It’s true that a wide array of whisk(e)y brands big and small now give retailers the chance to buy a full barrel of their spirit and label it as an in-store exclusive. And off-premise operators around the country are taking advantage of these programs. In Colorado, Molly’s Spirits gets as many as 50 private barrel selections annually, and the set of two stores has a whiskey subscription program, through which shoppers can receive one bottle of a store exclusive private barrel pick monthly for $60. Meanwhile, in suburban Los Angeles, the five-unit Mission Wine & Spirits boasts a full roster of private barrel American whiskeys, as well as several exclusive barrel bottlings of Scotch, rum, and Tequila, and in Chicago, Warehouse Liquors lists roughly 25 store-picked spirits, including Bourbon and rye, Scotch, Irish whiskey, and rum.
In Bourbon country, private barrel labels have become a necessity for many retailers looking to attract the area’s knowledgeable whiskey tourists and local fanatics. Justins’ House of Bourbon in Lexington, Kentucky makes a huge commitment to barrel picks, stocking as many as 150 exclusive labels a year and showcasing anywhere from ten to 20 at any given time. “Our private barrel program is booming,” says Justins’ whiskey historian Caroline Paulus. “We’ve really become known for them. Our private barrel labels usually sell out within a month. It’s a fun way to get a whiskey you won’t find anywhere else.”
Paulus adds that at Justins’, the staff aims to find whiskeys that taste great to both the store’s experienced staff members and to shoppers who visit from out of town and have less experience with Bourbon. She points to labels from heritage distilleries like Old Forester, Buffalo Trace, Four Roses, Heaven Hill, and Willett as being a big attraction for whiskey drinkers and notes that sometimes the store has a line around the block on the day it releases a private barrel offering from one of those producers. Though she adds that smaller craft Bourbons by New Riff, Rebel, NuLu, and Barrell Craft are also important to the private barrel program (Justins’ private barrel offerings range from $50-$300 a 750-ml., on average).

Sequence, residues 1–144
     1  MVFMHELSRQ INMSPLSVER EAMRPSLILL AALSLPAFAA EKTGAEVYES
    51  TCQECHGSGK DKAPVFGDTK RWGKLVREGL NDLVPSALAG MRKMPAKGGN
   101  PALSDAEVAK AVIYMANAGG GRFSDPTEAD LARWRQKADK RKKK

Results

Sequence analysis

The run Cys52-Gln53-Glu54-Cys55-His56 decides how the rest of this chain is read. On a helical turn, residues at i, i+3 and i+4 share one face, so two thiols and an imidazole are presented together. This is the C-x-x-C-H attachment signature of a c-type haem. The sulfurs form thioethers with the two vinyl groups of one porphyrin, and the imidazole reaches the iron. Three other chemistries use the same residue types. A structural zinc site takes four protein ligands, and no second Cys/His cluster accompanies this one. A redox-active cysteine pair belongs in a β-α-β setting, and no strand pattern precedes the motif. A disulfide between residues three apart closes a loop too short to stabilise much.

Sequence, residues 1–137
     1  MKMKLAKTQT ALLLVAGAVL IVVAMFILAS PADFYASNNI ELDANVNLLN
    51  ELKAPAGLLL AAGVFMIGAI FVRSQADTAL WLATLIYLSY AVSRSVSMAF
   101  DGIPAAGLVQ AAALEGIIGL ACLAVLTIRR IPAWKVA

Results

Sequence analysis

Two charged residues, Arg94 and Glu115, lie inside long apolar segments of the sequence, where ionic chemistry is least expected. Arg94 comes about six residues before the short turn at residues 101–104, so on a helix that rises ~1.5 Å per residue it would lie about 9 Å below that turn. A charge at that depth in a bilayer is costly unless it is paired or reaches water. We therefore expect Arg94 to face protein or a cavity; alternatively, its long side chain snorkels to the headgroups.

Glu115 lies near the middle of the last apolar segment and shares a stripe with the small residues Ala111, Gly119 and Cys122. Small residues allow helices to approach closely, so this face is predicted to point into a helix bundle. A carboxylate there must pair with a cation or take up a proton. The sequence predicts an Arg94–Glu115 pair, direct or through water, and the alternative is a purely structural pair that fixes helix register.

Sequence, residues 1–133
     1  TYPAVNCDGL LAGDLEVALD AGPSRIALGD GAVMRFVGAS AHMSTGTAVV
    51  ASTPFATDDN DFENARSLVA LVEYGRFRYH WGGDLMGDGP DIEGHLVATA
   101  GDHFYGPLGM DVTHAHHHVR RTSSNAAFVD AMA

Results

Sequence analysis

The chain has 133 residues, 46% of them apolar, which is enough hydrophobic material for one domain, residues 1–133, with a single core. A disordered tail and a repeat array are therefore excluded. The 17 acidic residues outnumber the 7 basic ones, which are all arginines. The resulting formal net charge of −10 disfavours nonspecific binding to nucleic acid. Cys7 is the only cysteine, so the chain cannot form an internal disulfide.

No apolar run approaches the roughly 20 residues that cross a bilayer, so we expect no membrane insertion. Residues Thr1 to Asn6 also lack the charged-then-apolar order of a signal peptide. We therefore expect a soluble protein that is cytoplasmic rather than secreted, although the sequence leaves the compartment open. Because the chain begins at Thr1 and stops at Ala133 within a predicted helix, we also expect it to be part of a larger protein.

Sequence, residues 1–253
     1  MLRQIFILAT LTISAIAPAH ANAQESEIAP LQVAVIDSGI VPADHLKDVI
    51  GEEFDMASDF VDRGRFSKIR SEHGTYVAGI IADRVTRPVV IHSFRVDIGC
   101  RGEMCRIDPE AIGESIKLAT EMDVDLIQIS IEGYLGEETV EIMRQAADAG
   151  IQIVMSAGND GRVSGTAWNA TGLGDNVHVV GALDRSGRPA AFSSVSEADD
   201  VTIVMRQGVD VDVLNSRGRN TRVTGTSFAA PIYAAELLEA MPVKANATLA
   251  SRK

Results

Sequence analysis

“Because we’ve become a tourist destination on the Bourbon Trail, this gives visitors a chance to get a bottle they would never find in their hometown as a souvenir of their trip,” Paulus says. “Our pick program will certainly hold steady above 100 barrels a year and it will always be a central focus for our shop. We’ve found that barrel picks are the perfect intersection of rarity and affordability.”
The notion of scarcity among whiskies is fueling the private barrel trend. For Wally’s Wine & Spirits, with locations in Beverly Hills and Santa Monica, California, and Las Vegas, private barrel selections oftentimes require more consumer education, but the effort is worth the reward. Wally’s spirits buyer Daniel Franks says the company usually stocks about 12 offerings a year, spanning from whiskies by WhistlePig, Old Weller, and Great King Street to Gosling’s rum ($55-$225 a 750-ml.). Wally’s is a hybrid retail store and restaurant, and the exclusive barrel labels to do well in both formats.
“More than anything, we want a barrel that’s true to the flavor profile the distillery is known for, but with additional complexity and depth that allows us to showcase their full artistry,” Franks says. “Whiskey set the tone for private barrel programs, but it’s becoming popular for all types of spirits. Personalization is a huge benefit to the modern-day consumer, so the more opportunity we have to do this, the better. It’s a great opportunity to build brand partnerships, foster unique marketing avenues, and reinforce the message that our customers will always find something special at our store.”